A report from the City Administrative Officer of the $7.25 million proposal was to have been discussed at City Council’s Information Technology and General Services committee meeting Tuesday. The plan would move email and many other applications from city-owned and controlled computers to Google servers. The servers would be accessed via the Internet. Such a system is often called "cloud computing."
The controversial plan envisions moving the city’s 30,000 email users to Google servers, along with many documents. The Los Angeles Police Department has expressed concerns about security if the city makes the move. Both Tim Riley, chief of the LAPD Information & Communications Services Bureau and his boss, Assistant Chief Sharon Papa were there to answer questions.
"We believe that the City of Los Angeles has rushed into this without enough careful consideration of all of the consequences, and without enough attention to the details of protecting the privacy of the data contractually. We urge the City of Los Angeles to conduct a thorough analysis and risk assessment of all privacy and other confidentiality impacts that may occur, and we urge the City to protect its residents and itself from the many potential unintended consequences."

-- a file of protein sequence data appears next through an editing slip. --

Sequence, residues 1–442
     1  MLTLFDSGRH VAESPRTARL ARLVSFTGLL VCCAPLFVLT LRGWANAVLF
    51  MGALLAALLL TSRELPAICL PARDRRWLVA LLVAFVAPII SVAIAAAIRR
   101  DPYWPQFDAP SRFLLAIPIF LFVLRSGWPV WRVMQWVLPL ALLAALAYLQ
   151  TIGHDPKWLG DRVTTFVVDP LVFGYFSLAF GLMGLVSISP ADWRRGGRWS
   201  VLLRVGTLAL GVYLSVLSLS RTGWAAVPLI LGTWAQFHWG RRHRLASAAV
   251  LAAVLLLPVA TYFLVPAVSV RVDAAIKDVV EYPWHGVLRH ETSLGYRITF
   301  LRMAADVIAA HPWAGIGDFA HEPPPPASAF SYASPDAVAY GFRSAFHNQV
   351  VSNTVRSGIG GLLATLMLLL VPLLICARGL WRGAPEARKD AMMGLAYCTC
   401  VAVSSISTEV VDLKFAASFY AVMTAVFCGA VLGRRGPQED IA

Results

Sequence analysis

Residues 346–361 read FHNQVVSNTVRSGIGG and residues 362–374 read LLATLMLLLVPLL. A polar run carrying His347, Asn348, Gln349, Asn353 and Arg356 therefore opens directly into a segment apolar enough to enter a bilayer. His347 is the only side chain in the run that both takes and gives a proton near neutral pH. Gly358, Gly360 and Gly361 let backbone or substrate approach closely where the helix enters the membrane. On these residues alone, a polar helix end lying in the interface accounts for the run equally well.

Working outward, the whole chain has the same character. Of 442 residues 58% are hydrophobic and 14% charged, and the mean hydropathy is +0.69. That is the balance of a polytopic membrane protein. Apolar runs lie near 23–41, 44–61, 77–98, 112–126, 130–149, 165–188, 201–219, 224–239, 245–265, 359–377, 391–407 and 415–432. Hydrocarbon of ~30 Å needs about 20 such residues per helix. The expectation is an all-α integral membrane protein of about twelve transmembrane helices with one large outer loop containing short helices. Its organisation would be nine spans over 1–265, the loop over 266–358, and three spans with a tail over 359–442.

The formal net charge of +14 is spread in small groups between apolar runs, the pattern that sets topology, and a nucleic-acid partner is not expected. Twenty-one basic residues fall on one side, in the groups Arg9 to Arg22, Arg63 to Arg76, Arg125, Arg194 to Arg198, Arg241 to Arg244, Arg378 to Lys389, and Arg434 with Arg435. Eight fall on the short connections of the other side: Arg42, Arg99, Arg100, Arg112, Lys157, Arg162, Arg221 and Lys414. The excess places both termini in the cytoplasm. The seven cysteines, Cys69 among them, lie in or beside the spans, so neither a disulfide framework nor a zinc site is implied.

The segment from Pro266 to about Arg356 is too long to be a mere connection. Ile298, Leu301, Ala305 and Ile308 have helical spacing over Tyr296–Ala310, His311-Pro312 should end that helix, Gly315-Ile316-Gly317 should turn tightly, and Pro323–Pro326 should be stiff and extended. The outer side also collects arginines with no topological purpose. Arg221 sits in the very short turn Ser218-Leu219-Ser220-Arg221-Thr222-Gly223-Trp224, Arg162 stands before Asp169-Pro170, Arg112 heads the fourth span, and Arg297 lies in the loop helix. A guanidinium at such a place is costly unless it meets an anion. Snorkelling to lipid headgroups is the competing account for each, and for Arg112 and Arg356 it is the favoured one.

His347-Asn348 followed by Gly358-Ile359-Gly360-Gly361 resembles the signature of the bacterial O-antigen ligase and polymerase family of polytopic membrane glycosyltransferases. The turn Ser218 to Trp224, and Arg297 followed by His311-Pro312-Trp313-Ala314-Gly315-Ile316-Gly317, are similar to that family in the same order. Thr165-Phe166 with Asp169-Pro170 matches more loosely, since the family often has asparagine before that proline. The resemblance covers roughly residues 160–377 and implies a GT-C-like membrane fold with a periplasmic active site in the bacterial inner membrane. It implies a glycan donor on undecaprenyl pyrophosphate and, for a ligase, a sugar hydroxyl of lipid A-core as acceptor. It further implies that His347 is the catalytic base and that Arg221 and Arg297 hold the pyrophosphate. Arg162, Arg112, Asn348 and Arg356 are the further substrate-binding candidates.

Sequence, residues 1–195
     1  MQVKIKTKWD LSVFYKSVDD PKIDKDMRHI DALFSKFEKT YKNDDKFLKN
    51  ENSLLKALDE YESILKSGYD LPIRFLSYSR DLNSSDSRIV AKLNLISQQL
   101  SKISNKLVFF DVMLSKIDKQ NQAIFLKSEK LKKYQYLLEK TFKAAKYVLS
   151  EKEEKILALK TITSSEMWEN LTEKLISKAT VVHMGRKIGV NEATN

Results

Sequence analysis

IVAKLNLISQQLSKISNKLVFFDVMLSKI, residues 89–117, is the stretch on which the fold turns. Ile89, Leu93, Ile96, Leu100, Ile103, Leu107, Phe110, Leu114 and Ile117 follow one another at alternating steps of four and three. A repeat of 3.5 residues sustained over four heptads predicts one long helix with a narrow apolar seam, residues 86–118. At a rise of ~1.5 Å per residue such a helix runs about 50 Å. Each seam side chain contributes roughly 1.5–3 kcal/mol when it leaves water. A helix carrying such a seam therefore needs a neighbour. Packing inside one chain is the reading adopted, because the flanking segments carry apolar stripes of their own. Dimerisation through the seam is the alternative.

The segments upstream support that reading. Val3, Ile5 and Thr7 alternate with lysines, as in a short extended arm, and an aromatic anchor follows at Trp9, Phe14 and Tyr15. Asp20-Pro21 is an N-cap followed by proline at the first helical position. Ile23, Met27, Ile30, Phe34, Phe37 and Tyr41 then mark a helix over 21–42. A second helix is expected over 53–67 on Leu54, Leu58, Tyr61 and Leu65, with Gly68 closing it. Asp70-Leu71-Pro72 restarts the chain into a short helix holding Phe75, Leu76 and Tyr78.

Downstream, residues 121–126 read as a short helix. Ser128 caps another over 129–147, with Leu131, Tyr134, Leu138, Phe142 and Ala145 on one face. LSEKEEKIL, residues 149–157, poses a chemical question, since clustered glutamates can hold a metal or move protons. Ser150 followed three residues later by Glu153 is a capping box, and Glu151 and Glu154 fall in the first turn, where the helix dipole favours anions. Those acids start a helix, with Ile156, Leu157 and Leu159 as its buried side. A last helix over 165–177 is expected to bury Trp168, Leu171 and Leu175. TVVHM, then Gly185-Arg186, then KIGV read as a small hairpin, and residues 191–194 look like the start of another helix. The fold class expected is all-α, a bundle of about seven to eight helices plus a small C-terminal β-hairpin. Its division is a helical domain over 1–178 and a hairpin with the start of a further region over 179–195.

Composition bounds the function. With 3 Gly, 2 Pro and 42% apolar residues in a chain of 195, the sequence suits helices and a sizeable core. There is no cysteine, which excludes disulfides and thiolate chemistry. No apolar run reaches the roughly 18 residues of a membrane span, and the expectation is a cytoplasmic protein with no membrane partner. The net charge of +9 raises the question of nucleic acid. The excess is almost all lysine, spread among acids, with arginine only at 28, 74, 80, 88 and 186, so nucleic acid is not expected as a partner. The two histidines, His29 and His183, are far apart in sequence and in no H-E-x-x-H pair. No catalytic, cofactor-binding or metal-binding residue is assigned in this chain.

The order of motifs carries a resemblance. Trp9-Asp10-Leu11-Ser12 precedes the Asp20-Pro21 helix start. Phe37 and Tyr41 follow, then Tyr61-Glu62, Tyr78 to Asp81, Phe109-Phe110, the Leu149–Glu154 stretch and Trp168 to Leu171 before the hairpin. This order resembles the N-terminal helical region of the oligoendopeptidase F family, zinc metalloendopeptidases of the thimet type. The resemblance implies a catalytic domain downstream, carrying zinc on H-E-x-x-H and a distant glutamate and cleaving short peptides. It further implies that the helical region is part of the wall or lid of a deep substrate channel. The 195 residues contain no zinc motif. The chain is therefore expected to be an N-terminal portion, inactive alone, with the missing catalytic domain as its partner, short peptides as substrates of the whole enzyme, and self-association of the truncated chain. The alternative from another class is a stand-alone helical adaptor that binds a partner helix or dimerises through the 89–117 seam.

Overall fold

- "Is a cloud environment going to provide sufficient protection for such sensitive information?
- "Does the City’s stewardship role in regard to personal information preclude movement of personal information to a cloud environment?"
She urged that the City consider "a rigorous privacy and security impact assessment " about the cloud computing proposal including "a thorough risk analysis."
I had planned to testify that "rushing headlong onto Google’s cloud will only ensure stormy weather in Los Angeles."
One thing is certain, most of us there on Tuesday will be back in two weeks.